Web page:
With so much talk these days about when or if President Biden will globally cancel student debt — and with payments and interest on that debt suspended for more than two years — it’s easy to forget that the federal student loan system remains unchanged. And part of that system is about to come as a shock to many borrowers: interest rates are going up, probably quite a bit.
“We’re going to get some bad news,” says Robert Kelchen, a higher education funding expert at the University of Tennessee at Knoxville.
Interest rates on federal student loans are fixed, like a mortgage. A student who took out a new undergraduate loan for this school year got a good interest rate: 3.73%. And that loan will stay at that rate for the duration of the loan.
The problem, says Kelchen, is that “every year, interest rates are reset to the 10-year Treasury yield, plus an additional amount,” a premium added to help cover government costs.
This means that borrowers who need help next year will have to take out a new loan at a new interest rate. Federal student loan rates change each May, based on the US Treasury Department’s 10-year note auction, which is set for 1:00 p.m. ET on Wednesday, May 11.
And that’s bad news for borrowers because this year, like mortgage rates and pretty much everything else, interest rates on student loans are sure to go up.
While we don’t know exactly how much they will increase, we can make educated guesses by applying some basic calculations, set forth in federal law, to the current 10-year Treasury rate, 3.06% at the time of writing.
For example, the current 3.73% interest rate for undergraduates would increase to 5.1%.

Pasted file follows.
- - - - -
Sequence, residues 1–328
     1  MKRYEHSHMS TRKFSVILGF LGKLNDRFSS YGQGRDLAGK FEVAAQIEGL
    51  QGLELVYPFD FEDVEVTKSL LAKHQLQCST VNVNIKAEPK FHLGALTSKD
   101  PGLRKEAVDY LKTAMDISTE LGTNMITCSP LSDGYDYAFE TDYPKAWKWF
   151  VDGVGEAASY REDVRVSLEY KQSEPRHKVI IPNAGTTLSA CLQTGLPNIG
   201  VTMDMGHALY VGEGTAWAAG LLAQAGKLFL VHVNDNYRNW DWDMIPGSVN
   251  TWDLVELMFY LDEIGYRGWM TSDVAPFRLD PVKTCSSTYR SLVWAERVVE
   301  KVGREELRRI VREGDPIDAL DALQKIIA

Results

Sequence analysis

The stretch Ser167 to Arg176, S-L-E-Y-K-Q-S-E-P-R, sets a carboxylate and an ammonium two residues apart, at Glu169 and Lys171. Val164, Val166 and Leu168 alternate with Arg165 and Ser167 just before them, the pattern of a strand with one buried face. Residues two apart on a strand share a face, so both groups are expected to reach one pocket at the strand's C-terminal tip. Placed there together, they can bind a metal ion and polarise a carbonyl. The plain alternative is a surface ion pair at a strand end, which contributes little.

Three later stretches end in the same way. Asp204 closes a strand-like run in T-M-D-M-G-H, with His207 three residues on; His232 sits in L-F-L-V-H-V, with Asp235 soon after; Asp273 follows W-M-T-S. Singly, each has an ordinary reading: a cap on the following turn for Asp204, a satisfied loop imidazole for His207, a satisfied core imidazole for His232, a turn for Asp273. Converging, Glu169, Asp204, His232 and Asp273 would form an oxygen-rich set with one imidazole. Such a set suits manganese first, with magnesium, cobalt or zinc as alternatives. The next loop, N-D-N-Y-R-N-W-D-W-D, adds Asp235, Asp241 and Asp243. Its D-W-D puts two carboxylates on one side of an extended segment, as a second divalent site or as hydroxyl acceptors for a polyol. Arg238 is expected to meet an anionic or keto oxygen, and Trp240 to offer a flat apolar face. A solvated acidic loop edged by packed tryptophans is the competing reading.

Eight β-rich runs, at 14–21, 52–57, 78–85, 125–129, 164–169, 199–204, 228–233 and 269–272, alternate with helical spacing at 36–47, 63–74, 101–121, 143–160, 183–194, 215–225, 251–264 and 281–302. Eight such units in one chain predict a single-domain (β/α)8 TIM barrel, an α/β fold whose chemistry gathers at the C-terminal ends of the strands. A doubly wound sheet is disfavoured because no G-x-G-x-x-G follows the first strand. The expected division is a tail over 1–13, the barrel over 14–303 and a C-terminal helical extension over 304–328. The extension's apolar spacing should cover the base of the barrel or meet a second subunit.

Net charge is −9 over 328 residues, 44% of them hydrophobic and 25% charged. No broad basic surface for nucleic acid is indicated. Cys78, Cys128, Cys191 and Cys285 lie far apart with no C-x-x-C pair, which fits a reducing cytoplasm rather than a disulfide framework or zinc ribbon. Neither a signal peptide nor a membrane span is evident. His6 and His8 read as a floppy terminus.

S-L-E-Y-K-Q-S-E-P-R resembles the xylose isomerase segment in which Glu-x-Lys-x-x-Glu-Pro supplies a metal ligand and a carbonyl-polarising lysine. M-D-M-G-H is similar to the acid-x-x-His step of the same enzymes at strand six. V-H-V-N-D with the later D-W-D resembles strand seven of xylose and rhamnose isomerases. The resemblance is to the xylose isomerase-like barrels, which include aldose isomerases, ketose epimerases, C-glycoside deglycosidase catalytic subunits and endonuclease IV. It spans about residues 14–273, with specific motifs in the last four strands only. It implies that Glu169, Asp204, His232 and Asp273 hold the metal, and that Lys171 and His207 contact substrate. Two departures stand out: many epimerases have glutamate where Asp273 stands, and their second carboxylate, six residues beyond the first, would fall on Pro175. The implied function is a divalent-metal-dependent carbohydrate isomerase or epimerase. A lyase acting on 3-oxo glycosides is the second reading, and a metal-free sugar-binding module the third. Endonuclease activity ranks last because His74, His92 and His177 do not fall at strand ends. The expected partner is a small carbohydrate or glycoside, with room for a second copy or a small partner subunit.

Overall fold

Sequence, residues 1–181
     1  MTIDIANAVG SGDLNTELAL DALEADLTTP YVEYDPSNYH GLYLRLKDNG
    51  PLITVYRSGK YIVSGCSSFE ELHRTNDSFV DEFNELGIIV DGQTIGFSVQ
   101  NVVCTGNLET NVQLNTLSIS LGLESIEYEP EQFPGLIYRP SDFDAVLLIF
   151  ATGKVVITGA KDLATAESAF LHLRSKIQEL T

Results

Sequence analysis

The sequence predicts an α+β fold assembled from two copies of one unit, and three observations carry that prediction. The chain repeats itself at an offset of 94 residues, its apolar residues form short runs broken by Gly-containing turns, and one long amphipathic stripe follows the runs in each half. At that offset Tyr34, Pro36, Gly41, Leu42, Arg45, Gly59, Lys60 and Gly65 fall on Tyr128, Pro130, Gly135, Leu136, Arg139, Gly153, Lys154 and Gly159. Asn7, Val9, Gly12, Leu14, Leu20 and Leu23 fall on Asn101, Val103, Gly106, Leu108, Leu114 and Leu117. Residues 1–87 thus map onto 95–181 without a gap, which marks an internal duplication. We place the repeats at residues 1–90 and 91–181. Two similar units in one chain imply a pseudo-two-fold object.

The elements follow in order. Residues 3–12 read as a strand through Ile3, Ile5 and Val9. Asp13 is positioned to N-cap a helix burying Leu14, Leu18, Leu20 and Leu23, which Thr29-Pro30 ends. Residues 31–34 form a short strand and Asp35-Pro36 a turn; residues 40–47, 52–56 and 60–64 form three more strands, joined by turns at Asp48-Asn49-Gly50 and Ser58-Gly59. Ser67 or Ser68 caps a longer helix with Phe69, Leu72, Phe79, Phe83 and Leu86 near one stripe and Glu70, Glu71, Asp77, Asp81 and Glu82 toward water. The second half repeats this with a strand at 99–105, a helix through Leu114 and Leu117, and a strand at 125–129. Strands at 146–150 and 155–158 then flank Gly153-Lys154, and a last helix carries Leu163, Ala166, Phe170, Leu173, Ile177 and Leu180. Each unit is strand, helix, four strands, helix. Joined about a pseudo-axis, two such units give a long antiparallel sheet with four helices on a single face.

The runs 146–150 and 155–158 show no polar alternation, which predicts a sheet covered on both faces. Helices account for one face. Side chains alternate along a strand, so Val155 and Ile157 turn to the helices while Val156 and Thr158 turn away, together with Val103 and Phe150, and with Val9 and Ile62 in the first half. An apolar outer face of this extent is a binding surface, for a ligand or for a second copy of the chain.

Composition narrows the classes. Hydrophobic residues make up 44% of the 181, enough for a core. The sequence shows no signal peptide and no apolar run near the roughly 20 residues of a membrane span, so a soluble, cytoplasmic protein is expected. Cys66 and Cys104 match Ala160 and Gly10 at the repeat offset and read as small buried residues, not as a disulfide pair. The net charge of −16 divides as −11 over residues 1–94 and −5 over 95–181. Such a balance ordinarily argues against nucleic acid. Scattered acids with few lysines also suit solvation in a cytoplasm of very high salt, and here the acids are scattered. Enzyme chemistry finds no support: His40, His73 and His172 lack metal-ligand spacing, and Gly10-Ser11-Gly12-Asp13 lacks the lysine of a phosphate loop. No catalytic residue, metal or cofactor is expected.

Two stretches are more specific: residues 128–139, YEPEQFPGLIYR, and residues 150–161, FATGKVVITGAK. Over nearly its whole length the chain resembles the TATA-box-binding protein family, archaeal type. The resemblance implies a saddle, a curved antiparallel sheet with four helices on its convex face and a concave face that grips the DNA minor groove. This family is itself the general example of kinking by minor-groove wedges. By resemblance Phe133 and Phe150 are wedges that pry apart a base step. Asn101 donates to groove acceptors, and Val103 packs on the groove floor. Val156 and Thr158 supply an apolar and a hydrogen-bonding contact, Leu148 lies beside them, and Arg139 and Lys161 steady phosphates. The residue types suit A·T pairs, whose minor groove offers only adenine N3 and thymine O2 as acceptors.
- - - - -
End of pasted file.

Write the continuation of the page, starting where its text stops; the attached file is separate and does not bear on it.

What is the difference between 3.73% and 5.1%? On a loan of $5,500 (the maximum for a dependent first-year undergraduate), a borrower would end up paying $435 more in interest over 10 years.
The change could have an even greater impact for graduate students and parents, who are allowed to take out larger loans, but at higher rates than undergraduate borrowers (not to mention having to pay higher loan fees). also important, 4.2% against 1.1%).
Based on the latest 10-year Treasury rate, interest on loans for graduate students is expected to drop from the current 5.28% to around 6.66%, and for parent loans PLUS from 6.28% to around 7 .66%.
These loans are not capped like undergraduate loans and are only limited by the price of a school, which is why the average annual Parent PLUS loan exceeds $14,000. What difference would this potential interest rate hike make on this type of loan?
Over 10 years, a parent would end up paying $1,194 more in interest.
The higher rate for parents, combined with larger eligible debt loads and less generous access to income-tested repayment options, has driven many families into financial ruin.
For potential borrowers wondering if they could do better in the private loan market, “remember that the Federal Student Loans Program largely provides loans without any sort of credit check. Everyone gets the same terms. It’s sort of no questions asked,” says Jason Delisle, senior policy fellow at the Urban Institute.
And yes, says Delisle, “the rate will be much lower than what you would get in the private market for a similar type of loan – if you could even find something like that.”
To see how much more you might have to pay in interest, there’s no shortage of student loan calculators, including this one and this one.
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